Why you should ask more questions (even if you think you know everything).
March 29, 2017
If you’ve ever spent more than five minutes with a toddler, you’ve probably noticed their favorite word is, “Why?” Every time you think you’ve given a thoroughly satisfying answer they pelt you with another string of queries, pushing themselves to understand as much as they can. They’re so new to the world that everything is both infinitely fascinating and naggingly confusing, which means they need to ask questions. After all, knowledge is survival, and the quickest way to gain knowledge is to ask lots and lots of questions. But as we grow older many of us lose that curiosity. We believe we have it all figured out. Consequently we stop wondering, and we become perfectly content to draw empty conclusions like “That’s just the way it is.”
The advantages of thinking like a child
Kids don’t seem to be as prone to assuming they know everything as we adults are. They take the time to puzzle over issues and don’t dismiss ideas for being too outlandish. They’re also not embarrassed to ask questions, nor are they afraid of looking ignorant for doing so. Adults have much to gain by re-adopting this approach. Being open to new ideas and recognizing that there’s always more to learn vastly improves our ability to make informed decisions in both professional and personal situations. We’re more receptive to new opportunities and innovations when we’re inquisitive, which makes us more likely to solve problems and achieve breakthroughs. In fact, not asking questions is like wearing blinders; our judgement is impaired because we’re unable to see the bigger picture.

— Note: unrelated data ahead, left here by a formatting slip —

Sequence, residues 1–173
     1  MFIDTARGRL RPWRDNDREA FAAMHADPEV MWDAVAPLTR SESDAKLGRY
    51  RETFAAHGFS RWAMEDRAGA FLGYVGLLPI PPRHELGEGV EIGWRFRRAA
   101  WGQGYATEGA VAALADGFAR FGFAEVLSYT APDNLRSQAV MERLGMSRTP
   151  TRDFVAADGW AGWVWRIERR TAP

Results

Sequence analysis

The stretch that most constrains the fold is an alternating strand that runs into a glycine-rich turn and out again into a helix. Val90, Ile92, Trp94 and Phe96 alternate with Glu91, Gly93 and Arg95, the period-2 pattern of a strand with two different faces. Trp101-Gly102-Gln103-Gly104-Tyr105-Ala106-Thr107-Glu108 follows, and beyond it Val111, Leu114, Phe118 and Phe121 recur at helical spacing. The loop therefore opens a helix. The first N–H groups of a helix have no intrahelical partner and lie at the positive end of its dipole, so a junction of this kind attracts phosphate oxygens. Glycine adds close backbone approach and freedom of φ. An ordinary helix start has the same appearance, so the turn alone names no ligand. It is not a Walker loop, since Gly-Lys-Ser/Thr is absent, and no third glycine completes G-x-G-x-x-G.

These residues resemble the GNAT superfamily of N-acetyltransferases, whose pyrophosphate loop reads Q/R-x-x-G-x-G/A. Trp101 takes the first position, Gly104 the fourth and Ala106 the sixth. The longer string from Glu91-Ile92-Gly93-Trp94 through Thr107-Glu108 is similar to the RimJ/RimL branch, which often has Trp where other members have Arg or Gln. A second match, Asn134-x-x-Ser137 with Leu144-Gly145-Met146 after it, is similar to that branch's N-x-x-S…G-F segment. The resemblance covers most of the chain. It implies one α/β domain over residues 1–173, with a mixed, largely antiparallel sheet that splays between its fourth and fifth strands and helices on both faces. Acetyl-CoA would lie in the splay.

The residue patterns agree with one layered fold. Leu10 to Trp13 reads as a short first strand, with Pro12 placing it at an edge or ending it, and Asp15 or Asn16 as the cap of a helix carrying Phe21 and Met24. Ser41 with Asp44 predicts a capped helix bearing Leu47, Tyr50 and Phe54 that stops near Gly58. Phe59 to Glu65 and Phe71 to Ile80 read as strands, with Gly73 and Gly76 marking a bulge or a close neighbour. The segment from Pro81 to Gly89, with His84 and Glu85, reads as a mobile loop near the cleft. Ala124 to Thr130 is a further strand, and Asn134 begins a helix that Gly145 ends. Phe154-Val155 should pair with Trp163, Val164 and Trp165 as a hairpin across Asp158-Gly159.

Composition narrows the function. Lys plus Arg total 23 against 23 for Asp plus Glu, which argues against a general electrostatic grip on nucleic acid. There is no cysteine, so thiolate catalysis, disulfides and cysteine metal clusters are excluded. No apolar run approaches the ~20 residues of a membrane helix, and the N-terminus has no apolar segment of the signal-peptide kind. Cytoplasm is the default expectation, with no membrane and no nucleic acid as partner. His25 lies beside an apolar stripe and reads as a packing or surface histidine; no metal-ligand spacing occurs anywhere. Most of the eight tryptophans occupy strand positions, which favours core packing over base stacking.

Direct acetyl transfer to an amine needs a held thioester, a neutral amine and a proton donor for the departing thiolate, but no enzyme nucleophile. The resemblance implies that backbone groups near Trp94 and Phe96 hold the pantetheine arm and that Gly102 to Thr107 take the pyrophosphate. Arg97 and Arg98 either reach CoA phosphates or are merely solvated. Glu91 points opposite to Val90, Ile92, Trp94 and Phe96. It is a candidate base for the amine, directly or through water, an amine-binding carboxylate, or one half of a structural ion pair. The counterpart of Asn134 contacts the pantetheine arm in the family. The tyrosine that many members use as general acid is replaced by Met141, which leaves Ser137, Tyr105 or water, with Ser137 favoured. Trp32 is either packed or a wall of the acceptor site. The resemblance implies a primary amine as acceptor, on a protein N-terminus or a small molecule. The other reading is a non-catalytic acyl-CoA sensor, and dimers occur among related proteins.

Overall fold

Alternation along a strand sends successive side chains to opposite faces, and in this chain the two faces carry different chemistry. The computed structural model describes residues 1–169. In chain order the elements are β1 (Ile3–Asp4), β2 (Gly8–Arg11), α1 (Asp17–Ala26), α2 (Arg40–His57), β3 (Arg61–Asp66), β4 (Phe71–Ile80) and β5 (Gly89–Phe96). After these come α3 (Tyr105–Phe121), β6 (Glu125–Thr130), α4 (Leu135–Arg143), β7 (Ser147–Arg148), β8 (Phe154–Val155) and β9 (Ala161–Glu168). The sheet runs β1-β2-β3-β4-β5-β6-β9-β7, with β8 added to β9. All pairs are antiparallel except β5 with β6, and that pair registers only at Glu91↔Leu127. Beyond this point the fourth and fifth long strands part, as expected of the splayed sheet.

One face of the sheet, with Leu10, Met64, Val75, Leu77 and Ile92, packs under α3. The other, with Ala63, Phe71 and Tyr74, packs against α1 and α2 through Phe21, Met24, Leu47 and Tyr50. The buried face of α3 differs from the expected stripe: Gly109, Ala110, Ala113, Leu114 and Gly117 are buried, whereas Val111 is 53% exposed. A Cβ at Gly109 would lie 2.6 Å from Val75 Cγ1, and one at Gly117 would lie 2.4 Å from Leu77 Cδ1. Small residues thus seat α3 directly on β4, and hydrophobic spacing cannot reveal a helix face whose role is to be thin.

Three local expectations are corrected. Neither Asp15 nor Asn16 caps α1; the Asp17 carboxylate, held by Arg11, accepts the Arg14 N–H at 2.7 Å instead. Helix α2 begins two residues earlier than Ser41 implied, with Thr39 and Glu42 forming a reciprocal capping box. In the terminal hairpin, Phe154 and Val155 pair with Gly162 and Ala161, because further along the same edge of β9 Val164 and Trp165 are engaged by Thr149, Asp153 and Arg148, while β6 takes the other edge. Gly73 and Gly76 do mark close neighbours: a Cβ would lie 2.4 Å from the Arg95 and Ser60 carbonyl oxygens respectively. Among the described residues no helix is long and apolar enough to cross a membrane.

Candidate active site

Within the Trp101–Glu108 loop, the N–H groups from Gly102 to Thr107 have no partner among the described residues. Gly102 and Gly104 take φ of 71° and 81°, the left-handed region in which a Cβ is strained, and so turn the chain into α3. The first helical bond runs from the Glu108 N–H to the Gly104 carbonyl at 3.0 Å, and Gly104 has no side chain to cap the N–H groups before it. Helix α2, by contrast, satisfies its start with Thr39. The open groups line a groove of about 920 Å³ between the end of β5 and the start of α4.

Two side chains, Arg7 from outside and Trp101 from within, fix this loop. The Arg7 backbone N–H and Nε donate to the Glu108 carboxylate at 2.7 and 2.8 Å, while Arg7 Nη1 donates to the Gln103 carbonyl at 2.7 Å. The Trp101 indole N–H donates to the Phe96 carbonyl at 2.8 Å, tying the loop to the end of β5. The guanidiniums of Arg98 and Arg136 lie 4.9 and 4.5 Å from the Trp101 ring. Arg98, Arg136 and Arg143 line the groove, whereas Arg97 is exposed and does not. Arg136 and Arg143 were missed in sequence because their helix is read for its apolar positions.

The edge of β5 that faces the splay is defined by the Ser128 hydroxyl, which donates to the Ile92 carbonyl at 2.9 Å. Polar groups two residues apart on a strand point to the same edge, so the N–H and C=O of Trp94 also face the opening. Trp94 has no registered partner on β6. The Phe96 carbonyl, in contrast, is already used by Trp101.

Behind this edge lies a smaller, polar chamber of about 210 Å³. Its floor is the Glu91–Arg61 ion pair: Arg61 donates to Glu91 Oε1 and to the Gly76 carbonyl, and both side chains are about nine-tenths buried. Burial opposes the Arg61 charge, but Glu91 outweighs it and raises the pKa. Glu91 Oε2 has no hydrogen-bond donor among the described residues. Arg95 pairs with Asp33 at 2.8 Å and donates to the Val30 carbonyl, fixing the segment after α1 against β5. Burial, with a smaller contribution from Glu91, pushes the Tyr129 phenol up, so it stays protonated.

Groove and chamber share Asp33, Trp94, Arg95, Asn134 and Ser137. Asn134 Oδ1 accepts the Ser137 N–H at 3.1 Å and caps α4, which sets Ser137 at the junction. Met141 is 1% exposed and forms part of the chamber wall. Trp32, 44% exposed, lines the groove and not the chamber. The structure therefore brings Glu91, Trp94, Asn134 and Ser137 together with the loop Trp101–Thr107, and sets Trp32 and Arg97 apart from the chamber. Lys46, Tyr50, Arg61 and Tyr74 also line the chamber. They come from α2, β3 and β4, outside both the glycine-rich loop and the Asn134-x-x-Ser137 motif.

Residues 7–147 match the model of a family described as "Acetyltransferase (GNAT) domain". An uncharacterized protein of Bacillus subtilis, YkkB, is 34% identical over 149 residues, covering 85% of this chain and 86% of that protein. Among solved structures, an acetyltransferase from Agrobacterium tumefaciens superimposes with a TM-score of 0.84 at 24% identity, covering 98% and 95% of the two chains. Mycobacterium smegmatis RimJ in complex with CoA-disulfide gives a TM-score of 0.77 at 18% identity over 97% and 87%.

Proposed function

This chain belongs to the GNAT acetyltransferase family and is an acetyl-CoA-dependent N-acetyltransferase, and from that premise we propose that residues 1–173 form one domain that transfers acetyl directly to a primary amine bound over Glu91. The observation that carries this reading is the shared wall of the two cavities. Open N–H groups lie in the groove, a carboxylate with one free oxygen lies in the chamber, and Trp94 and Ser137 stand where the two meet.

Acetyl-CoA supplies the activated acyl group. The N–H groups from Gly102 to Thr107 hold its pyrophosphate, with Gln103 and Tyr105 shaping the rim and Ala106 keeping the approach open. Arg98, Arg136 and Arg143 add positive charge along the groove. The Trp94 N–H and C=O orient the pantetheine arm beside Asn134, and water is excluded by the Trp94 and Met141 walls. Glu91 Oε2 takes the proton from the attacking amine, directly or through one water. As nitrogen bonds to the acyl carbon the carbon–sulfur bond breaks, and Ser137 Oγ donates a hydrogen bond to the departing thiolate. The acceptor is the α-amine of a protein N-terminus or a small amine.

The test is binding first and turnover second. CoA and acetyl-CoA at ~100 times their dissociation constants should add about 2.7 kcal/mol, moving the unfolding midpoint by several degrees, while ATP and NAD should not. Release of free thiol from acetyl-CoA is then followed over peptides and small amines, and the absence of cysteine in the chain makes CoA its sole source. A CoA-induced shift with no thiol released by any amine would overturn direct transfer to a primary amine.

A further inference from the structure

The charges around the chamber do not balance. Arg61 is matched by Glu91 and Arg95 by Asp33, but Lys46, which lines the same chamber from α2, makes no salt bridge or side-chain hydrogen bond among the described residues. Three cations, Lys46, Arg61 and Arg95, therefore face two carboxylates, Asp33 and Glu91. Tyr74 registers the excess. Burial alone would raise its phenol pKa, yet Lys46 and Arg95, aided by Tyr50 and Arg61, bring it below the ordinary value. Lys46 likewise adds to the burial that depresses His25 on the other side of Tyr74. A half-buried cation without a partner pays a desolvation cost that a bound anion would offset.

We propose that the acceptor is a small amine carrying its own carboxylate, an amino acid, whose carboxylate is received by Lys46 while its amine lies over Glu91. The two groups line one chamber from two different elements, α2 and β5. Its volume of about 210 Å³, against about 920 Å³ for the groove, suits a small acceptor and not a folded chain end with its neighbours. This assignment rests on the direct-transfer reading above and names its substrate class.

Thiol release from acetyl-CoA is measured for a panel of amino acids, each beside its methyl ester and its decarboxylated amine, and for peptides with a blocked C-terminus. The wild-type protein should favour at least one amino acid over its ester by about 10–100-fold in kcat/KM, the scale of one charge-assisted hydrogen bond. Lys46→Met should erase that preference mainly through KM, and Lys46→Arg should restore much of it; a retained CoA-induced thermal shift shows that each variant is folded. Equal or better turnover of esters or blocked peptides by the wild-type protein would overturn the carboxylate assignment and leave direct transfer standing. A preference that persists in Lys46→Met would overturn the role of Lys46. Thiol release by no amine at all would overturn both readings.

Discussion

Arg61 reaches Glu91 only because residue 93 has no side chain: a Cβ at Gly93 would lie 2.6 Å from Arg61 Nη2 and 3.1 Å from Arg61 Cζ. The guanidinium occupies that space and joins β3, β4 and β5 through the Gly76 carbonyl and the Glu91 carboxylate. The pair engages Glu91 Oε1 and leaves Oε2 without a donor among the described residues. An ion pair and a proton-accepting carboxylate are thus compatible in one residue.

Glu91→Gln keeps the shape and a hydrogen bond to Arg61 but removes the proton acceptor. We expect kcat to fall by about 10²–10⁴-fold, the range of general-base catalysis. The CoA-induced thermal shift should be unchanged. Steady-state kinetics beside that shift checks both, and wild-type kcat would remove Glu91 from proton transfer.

Formulating great questions is an art
The saying “there’s no such thing as a stupid question” is true, but objectively speaking some questions are more useful than others. If you’re wondering how to ask deeper, more relevant, and more practical questions, keep the following in mind.
- Open-ended questions promise more insight. Have you ever asked a question expecting a juicy, detailed response, only to get a simple “yes” or “no”? It’s probably because your question wasn’t open-ended. Closed-ended questions have a binary element to them and therefore don’t need to be expanded upon. To gather as much information as possible, ask questions that contain one of the five Ws (who, what, when, where, why) or how.
Example: Instead of asking “Do you like French bulldogs?” try “What is your favorite breed of dog?” or “Why don’t you like cats?”
- Let questions beget more questions. Like a child, if you craft a nicely open-ended question, chances are you’ll get an answer that prompts further queries. This is especially true if you’re trying to address a complex issue, such as solving a design challenge or tackling a wicked problem. However, the value of follow-up questions isn’t limited to professional settings; they’re also great for keeping conversation flowing in social interactions. (Just try not to be too nosy!)
Example 1: Suppose you ask your coworker “What are your thoughts on this proposal?” Whatever their response, you can likely follow up with “What else might you suggest?” or “When would you be ready to present?”
Example 2: Rather than asking your friend “Did you have a good weekend?”, you can rephrase it as an open-ended question (“What did you get up to this weekend?”) and continue with “Where is that restaurant?” or “Who did you go with?”
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